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Behind the Screens with Retro Activewear
In Behind The Screens we talk to some of the companies and printers that use MagnaColours water-based inks. finding out more about what they print and the reasons why they use MagnaPrint.
We sat down with Graham at Retro Activewear, to find out more about his long career in the printing industry.
Tell us a little bit about yourself, your company and what you do.
My name is Graham, I’ve been printing shirts since about 1979. I started in the industry producing swag for the men I worked with offshore, hand-painting the logos led to a book on screen printing. The rest is history.
I was a director of Things Limited who in the good old days were the biggest t-shirt printer in Europe. We printed for all the major rock tours, Adidas, Puma etc. We designed and supplied all the shirts for Live Aid and the Mandela Freedom Concert.
One thing that sticks out was we took a punt at designing a winners shirts for both France and Brazil for Adidas at the 98 World Cup Final…. 100 shirts per team. France won, and we printed 1 million winners shirts …11 machines running 24 hours a day.
What equipment do you use?
M&R House, always have been. Plus we have started digital printing on a Kornit Storm Hexa these days.
Why do use water-based inks?
The green mindset is driving us away from plastisol and the MagnaPrint ranges are so good to use.
How long have you been printing water-based inks & how have they changed your business?
Quality, soft hand and the ability to replicate what designers have in their heads. MagnaColours are world leaders – period.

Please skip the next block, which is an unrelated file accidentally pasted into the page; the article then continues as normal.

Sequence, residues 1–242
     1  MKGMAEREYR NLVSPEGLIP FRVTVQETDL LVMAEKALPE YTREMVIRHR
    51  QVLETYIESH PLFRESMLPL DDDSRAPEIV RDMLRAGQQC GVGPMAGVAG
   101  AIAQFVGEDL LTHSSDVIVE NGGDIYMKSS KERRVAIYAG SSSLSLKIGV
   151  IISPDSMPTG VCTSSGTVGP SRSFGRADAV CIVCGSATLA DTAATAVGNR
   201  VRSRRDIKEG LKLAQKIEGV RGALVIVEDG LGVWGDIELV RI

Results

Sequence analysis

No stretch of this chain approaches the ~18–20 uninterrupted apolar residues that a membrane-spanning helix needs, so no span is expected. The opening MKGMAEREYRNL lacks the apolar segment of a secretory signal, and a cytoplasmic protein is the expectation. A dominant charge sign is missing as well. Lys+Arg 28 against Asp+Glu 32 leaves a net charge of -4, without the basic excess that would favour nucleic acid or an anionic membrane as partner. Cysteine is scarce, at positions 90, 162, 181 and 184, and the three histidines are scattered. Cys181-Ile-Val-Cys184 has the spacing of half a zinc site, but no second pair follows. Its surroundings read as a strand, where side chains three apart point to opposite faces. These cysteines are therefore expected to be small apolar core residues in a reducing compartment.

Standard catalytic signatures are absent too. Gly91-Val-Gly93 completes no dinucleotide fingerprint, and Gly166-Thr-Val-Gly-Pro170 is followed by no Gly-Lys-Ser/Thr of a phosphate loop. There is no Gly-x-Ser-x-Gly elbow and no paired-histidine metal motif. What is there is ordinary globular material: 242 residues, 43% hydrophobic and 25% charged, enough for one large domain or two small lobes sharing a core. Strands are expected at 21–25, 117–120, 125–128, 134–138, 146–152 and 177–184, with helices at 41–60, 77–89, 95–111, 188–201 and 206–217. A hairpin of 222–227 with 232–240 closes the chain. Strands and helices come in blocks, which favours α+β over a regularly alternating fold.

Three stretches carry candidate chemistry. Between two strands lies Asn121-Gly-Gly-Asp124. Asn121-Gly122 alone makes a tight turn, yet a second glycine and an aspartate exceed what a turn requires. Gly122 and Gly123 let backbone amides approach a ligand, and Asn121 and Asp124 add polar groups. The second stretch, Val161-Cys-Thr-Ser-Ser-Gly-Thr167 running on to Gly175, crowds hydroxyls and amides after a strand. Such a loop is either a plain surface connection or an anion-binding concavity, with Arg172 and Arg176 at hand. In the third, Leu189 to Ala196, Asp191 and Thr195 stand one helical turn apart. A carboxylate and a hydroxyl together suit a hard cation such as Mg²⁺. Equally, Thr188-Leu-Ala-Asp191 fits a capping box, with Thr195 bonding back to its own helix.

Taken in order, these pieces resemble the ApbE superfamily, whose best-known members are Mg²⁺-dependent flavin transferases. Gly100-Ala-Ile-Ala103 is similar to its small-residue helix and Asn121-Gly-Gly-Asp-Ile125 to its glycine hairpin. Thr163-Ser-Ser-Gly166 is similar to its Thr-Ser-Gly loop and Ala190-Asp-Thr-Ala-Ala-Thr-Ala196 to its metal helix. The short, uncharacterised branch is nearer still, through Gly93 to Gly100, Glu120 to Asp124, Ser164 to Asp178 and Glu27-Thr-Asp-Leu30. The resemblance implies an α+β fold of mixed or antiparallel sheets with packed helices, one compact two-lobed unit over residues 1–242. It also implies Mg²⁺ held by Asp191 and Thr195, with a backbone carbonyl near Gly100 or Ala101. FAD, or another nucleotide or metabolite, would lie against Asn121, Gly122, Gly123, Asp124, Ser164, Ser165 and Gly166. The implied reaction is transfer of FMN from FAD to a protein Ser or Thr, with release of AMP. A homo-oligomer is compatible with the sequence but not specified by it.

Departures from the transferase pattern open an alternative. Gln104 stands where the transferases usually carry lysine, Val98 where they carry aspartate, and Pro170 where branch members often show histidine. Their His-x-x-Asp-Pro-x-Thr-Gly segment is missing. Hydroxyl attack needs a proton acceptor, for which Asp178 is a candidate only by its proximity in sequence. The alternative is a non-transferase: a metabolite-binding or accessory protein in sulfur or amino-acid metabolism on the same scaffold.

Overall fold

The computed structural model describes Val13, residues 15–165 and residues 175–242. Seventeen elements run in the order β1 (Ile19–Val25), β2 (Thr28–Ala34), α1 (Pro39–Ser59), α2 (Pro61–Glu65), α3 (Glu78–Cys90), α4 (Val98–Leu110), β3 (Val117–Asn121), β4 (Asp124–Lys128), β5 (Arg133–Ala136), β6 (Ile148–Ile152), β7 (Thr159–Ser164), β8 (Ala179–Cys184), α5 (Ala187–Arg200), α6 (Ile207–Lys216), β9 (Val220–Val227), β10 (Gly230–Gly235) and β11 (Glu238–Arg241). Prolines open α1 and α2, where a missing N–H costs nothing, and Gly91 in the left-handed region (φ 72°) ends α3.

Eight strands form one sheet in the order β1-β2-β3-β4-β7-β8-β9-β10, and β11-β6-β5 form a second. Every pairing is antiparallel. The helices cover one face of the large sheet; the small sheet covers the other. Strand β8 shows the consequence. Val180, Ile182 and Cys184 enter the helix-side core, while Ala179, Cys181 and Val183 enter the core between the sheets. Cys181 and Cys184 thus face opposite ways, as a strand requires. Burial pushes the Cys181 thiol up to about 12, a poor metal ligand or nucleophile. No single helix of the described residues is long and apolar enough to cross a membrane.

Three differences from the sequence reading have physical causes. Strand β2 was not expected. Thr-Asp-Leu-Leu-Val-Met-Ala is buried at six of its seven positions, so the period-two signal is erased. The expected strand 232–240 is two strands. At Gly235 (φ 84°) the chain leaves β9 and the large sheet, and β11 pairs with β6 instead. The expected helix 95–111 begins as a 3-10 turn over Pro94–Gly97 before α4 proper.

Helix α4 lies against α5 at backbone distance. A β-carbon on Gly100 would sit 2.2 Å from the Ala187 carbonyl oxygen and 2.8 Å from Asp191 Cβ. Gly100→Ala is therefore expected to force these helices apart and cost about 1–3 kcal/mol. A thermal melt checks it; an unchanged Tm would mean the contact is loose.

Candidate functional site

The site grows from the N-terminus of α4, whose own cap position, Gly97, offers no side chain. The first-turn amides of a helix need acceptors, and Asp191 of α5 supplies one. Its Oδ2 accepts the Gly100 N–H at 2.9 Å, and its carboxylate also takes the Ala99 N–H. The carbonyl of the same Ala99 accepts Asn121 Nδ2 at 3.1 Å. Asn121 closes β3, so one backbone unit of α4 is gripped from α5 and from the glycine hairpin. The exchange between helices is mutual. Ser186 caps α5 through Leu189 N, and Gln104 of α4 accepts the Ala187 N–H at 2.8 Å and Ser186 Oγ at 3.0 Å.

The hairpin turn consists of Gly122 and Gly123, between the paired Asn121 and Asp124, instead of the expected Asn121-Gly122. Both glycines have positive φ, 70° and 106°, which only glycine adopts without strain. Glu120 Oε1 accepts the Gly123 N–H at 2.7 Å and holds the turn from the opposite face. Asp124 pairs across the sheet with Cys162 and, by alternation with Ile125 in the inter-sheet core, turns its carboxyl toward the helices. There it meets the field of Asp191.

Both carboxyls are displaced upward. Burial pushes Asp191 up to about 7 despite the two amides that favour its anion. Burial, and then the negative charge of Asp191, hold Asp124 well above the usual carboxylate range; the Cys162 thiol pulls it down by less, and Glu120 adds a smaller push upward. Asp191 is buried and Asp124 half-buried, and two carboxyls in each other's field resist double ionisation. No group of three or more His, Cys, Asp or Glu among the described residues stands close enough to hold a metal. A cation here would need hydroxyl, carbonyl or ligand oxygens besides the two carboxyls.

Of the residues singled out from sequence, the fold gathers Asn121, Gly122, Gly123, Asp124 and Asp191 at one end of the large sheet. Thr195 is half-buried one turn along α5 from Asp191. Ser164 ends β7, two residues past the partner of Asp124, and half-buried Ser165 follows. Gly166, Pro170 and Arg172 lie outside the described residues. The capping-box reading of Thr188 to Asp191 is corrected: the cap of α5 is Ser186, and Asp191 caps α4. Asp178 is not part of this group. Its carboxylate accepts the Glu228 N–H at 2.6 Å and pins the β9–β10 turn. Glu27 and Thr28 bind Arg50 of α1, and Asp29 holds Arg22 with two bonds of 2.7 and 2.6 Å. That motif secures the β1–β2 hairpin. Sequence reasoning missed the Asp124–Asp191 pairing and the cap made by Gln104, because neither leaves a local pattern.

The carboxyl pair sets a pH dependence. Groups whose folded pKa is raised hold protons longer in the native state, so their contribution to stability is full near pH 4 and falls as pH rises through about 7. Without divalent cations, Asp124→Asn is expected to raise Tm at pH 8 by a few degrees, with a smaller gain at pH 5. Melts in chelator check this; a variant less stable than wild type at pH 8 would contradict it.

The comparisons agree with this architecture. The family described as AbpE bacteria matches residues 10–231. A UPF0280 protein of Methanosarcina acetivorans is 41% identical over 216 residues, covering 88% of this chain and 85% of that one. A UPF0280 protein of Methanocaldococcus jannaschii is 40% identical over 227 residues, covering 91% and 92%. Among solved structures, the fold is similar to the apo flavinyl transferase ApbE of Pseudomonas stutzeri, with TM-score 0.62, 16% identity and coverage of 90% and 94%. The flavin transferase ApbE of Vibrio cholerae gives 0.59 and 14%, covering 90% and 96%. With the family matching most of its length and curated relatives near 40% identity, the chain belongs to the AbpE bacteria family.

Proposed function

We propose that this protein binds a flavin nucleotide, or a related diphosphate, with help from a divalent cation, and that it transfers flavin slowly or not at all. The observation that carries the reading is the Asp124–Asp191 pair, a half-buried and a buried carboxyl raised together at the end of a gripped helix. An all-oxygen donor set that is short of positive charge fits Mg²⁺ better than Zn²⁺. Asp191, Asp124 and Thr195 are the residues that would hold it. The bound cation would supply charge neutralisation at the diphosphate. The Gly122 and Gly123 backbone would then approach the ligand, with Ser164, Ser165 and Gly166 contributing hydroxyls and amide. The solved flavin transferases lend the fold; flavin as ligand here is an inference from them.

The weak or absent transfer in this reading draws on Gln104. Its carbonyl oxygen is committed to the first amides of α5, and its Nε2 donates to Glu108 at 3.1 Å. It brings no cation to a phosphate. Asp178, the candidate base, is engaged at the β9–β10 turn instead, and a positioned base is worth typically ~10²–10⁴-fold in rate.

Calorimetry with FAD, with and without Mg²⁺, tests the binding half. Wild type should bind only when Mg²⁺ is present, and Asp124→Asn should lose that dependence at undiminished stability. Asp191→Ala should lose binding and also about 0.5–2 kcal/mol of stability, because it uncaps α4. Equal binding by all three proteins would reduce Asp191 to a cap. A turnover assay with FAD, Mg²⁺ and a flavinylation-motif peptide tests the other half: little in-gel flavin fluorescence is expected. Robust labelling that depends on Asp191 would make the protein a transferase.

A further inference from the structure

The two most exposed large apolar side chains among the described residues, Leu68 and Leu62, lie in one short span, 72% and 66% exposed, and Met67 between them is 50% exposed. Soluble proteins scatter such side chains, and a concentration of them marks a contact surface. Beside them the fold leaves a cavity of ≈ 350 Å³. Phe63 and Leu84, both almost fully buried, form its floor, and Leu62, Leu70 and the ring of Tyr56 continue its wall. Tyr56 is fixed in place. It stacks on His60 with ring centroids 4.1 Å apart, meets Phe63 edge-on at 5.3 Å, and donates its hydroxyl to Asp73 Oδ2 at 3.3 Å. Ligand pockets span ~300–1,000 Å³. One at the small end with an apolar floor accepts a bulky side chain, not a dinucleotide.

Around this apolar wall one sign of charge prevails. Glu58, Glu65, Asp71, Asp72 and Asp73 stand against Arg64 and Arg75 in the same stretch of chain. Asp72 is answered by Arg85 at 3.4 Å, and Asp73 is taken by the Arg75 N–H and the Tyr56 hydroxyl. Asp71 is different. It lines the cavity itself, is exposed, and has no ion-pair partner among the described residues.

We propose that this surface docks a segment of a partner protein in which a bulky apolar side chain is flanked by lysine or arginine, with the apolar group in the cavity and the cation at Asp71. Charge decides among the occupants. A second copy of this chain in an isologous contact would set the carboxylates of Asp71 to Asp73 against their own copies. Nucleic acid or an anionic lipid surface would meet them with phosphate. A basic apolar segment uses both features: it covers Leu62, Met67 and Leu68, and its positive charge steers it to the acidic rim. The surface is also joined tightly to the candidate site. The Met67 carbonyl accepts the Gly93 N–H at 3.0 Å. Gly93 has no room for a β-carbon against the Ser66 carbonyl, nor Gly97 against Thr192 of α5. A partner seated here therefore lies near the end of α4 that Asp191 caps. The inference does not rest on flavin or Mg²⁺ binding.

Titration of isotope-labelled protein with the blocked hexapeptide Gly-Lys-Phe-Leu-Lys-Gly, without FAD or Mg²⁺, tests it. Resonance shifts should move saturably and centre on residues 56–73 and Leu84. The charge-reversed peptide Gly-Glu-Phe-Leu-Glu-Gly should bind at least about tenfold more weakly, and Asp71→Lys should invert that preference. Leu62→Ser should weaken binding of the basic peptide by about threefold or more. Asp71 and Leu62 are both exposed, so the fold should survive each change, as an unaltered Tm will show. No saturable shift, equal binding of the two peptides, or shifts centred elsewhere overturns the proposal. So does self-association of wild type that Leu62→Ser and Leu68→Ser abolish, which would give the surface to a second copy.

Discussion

Do you have a favourite ink or special effect in the MagnaPrint Range?
There is not a bad product in the range! Most work is straight forward, so the discharge range works for me, easy to use and vibrant colours.
What is your favourite print you’ve made with MagnaPrint?
Kiss Foil, this print has blown a few people away, 55 dpi with foil at 35dpi, just superb.
How has the printing industry changed since you started?
I was in t-shirt printing almost at the beginning, I have seen the boom and the slow demise on many levels. Digital printing is eroding many aspects of the industry, but if you are good at your craft there is work to be won.
How do you keep it interesting?
I take a person who tells me “I have no skills’ we train him, we give him some screens, some inks and some t-shirts. An hour later he delivers a stunning piece of art on a canvas that we call a t-shirt. We teach our staff how to print …to really understand the technical aspects that deliver great quality.
What is one printing tip or trick that you wished you knew when you wee starting out?
Understanding what dpi ranges did for prints.
Where can people find you?